authorization_url: lambda do
        "https://podio.com/oauth/authorize"
      end,

      token_url: lambda do
        "https://podio.com/oauth/token"
      end,

      client_id: "YOUR_PODIO_CLIENT_ID",

      client_secret: "YOUR_PODIO_CLIENT_SECRET",

      apply: lambda do |connection, access_token|
        headers("Authorization": "OAuth2 #{access_token}")
      end
    }
  },

  test: {
    # Some code here
  },
  actions: {
    # Some code here
  },
  triggers: {
    # Some code here
  },
  object_definitions: {
    # Some code here
  },
  picklists: {
    # Some code here
  },
  methods: {
    # Some code here
  },
}

In cases where you plan to share your connector with others and do not want to expose your personal client ID and secret, you may ask users of your connector supply their own client IDs and secrets by declaring fields that accept these inputs. Check out our example below when we go through variations

apply:

All requests made in actions, triggers, tests and pick lists will be applied with the credentials defined here. In the example above, the apply block pulls the token field directly from user input fields in the connection object.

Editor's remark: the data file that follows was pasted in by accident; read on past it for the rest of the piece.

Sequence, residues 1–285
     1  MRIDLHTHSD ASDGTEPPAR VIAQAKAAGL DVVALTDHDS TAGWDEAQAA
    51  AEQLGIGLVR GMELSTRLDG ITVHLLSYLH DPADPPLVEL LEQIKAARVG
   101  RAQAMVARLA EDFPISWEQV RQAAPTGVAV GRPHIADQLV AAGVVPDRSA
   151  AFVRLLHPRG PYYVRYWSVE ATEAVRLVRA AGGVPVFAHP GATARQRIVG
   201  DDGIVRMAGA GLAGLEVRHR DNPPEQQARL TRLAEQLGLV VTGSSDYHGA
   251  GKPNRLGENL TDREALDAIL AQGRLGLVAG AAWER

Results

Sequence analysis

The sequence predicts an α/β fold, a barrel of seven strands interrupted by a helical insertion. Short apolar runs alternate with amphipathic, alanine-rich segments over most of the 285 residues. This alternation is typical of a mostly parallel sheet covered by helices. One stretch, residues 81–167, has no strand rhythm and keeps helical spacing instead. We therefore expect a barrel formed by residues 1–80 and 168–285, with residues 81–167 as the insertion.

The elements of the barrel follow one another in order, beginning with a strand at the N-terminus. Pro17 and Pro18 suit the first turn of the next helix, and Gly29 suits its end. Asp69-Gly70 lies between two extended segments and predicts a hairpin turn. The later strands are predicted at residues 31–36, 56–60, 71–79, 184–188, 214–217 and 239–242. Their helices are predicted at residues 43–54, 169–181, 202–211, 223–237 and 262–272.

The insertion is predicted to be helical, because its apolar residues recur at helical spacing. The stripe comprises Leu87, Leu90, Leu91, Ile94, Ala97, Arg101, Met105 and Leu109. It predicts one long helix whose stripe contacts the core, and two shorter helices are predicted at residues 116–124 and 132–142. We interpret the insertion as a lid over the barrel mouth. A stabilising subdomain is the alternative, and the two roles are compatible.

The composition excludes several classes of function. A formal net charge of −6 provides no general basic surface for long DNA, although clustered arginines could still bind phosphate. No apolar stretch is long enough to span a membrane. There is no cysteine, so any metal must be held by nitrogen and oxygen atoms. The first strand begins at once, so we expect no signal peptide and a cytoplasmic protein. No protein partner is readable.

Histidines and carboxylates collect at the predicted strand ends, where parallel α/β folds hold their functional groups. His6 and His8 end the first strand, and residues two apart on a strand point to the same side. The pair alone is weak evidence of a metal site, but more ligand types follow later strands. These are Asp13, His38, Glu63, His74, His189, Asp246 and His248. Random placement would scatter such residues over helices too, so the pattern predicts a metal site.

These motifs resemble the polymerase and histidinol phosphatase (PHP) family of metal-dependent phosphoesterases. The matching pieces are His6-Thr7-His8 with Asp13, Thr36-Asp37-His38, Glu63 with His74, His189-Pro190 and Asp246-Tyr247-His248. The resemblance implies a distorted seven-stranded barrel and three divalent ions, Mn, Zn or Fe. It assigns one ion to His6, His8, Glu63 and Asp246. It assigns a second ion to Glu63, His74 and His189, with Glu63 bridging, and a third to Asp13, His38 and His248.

Here are a list of accepted inputs into the apply block

apply: lambda do |connection|
  # Adds in URL parameters passed as a hash object
  # i.e. authtoken=[connection['authtoken']]
  params(authtoken: connection['authtoken'])

  #Adds in payload fields (PATCH, POST, PUT only) pass as hash
  payload(grant_type: "authorization_code",
          client_id: connection["client_id"],
          client_secret: connection["client_secret"],
          code: auth_code)

  # Adds in headers into every request passed as a hash.
  # The variable access_token can be retrieved from input prompts defined in the 'fields' schema earlier or a return from the acquire block
  # i.e. Authorization : Bearer [given access token]
  headers("Authorization": "Bearer #{connection["access_token"]}")  

  # Used in conjunction with password function
  # i.e. sends the input as username and password in HTTP authentication
  user(connection["username"])   
  password(connection["username"])
end